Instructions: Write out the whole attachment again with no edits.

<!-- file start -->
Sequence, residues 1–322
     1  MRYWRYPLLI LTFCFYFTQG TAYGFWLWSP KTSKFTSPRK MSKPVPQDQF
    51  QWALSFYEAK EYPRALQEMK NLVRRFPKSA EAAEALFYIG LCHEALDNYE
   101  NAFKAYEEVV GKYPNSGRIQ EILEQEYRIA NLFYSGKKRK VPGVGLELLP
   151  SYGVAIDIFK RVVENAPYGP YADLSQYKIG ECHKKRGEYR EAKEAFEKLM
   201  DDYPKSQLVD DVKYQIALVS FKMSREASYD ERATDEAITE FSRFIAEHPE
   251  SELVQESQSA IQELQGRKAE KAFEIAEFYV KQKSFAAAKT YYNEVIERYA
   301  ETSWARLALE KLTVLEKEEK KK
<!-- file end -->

Sequence, residues 1–322
     1  MRYWRYPLLI LTFCFYFTQG TAYGFWLWSP KTSKFTSPRK MSKPVPQDQF
    51  QWALSFYEAK EYPRALQEMK NLVRRFPKSA EAAEALFYIG LCHEALDNYE
   101  NAFKAYEEVV GKYPNSGRIQ EILEQEYRIA NLFYSGKKRK VPGVGLELLP
   151  SYGVAIDIFK RVVENAPYGP YADLSQYKIG ECHKKRGEYR EAKEAFEKLM
   201  DDYPKSQLVD DVKYQIALVS FKMSREASYD ERATDEAITE FSRFIAEHPE
   251  SELVQESQSA IQELQGRKAE KAFEIAEFYV KQKSFAAAKT YYNEVIERYA
   301  ETSWARLALE KLTVLEKEEK KK